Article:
NAY PYI TAW — Myanmar’s annual jade and gems sale netted more than US$587 million, an official tally showed Thursday, as Chinese buyers continue to drive a shadowy industry linked with rebel conflicts and notorious for perilous working conditions.
Lusted after by wealthy Chinese, Myanmar’s jade mines were in the hands of the military and their ‘crony’ elites during the junta years and are still believed to raise tens of billions of dollars in undeclared sales.
While the price of the green stone has slipped in recent months, thousands of poor migrant workers still risk their lives to comb unstable pits in northern Myanmar for jade fragments.
Hundreds of slabs of jade were bought during the 12-day sale in the capital Nay Pyi Taw, according to government figures, with around $6.7 million worth of gems and pearls also snapped up.
The event, which drew 895 Chinese companies, is the country’s only official jade sale.
“We displayed fewer lots of jade than the previous emporium … so we also received less money than the previous one,” Than Zaw Oo, of state-owned Myanma Gems Enterprise told AFP, without giving last year’s sale total.
Anti-corruption campaigners say the real value of Myanmar’s jade runs into the tens of billions of dollars annually.
Powerful syndicates linked to smuggling rings and rebel commanders slip tonnes of the precious stone across the northern border to China each year, depriving the state of huge sums of income.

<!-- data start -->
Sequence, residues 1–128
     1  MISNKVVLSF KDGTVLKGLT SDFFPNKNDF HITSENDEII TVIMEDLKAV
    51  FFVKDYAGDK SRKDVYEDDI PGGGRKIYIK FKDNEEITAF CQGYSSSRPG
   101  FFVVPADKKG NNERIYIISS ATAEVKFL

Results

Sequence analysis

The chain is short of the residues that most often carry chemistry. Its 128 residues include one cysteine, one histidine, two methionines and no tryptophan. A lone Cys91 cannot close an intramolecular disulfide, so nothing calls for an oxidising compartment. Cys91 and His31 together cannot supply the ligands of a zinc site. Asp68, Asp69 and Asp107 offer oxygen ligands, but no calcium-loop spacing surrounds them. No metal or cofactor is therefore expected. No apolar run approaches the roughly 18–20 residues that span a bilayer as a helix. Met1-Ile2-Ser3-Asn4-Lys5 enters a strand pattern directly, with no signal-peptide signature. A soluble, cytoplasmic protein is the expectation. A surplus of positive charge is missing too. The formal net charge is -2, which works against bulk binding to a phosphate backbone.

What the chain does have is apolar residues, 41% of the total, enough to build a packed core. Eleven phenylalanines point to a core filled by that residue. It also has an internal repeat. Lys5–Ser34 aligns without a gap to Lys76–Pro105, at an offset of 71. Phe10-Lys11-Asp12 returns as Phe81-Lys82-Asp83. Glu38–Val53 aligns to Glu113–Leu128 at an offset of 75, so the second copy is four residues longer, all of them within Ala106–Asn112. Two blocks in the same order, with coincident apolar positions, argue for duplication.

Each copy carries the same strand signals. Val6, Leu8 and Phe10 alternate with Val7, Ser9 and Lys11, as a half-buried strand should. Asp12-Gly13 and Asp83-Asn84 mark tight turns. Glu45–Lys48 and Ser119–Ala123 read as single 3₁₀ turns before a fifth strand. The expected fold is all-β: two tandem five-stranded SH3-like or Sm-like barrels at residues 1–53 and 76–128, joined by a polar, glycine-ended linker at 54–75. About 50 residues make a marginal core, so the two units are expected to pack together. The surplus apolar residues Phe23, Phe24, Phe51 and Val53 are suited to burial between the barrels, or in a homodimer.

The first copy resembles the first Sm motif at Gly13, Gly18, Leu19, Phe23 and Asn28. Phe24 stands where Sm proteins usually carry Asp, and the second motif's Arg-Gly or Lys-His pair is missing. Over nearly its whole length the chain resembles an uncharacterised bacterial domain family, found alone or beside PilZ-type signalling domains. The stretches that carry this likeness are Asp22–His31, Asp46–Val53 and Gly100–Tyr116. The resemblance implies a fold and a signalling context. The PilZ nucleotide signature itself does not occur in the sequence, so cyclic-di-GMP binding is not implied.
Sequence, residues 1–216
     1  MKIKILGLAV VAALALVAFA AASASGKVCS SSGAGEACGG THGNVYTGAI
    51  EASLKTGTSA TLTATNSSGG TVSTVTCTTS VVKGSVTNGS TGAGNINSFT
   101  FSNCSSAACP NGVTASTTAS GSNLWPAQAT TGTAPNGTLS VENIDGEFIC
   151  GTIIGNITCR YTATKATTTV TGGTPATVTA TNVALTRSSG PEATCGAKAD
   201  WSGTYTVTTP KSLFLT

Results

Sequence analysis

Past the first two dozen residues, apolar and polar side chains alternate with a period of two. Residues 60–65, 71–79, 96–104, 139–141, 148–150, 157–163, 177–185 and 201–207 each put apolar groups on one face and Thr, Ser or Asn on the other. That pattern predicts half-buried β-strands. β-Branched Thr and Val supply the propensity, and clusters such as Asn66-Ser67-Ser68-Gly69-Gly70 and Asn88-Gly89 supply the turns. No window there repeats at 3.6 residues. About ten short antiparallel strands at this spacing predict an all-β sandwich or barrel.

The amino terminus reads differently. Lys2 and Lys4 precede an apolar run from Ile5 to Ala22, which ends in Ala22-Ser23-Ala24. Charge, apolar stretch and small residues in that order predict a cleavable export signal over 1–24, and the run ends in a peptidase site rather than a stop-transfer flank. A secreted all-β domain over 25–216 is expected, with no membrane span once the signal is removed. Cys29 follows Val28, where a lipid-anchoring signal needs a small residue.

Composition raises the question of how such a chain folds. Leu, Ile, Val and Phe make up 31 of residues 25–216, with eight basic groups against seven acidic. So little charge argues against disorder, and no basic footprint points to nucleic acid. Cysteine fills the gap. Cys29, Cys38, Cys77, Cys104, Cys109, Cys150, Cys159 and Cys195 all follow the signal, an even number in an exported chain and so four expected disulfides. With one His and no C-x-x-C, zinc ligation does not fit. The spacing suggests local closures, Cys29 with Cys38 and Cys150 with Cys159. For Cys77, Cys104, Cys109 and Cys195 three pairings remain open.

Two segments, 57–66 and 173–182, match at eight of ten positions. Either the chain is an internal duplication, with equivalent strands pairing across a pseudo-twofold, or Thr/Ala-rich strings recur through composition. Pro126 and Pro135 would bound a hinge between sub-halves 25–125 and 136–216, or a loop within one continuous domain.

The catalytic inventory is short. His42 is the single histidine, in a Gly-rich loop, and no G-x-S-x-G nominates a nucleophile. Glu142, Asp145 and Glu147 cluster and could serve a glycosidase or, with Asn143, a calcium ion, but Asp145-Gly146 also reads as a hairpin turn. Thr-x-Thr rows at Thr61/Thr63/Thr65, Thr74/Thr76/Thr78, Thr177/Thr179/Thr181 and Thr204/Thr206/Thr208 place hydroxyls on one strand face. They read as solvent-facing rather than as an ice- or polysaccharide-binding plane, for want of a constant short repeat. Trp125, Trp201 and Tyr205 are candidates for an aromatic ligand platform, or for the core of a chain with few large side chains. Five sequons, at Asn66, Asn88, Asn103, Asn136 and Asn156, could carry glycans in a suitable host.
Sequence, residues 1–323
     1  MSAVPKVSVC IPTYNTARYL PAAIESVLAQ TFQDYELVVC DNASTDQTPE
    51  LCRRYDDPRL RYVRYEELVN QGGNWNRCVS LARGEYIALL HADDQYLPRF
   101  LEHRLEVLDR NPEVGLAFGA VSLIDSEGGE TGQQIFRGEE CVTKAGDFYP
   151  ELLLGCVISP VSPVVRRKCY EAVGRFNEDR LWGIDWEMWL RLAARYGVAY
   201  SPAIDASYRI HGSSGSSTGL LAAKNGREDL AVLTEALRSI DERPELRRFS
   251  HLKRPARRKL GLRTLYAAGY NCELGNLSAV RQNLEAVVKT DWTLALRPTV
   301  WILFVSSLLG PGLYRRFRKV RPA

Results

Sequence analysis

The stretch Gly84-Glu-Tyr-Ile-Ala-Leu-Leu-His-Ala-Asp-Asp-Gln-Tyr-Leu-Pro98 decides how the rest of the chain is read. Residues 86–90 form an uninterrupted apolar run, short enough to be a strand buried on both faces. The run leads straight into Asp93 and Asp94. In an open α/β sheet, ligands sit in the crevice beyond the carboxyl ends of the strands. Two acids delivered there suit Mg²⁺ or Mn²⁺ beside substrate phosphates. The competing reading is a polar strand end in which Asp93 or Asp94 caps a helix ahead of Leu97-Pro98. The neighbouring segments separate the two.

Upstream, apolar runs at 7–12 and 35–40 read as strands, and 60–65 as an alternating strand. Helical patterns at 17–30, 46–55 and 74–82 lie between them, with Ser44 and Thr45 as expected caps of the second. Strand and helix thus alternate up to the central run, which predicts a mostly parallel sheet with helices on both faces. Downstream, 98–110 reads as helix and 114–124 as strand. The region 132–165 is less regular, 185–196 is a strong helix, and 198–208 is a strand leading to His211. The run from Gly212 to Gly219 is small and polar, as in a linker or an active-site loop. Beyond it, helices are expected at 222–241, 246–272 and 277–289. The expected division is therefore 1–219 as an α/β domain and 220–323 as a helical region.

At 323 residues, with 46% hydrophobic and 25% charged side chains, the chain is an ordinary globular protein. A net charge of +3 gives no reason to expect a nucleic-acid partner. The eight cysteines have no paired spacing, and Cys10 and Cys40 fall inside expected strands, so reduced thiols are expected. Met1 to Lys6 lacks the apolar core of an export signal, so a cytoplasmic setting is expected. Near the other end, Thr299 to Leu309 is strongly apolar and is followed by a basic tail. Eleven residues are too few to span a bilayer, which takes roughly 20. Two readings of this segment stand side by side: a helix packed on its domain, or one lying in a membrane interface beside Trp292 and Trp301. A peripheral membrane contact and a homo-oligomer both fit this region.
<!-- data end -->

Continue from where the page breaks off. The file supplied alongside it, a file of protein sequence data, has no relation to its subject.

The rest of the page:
Most of the world’s best quality jadeite — the rarer and more expensive of two minerals containing jade — is mined in Hpakant, a strip of torn earth in Myanmar’s insurgency-wracked northern Kachin State bordering China.
Jade is widely believed to be an important revenue stream for the Kachin Independence Army (KIA) which is resisting ceasefire overtures in its fight against Myanmar’s army.
Jade mines have also long been a dangerous workplace for the itinerant miners who scratch a living from the stone — around 100 people died in a major landslide in November last year.
The falling price of jade in recent months has been attributed to customs action in China’s border area, deterring smugglers and leading to a glut.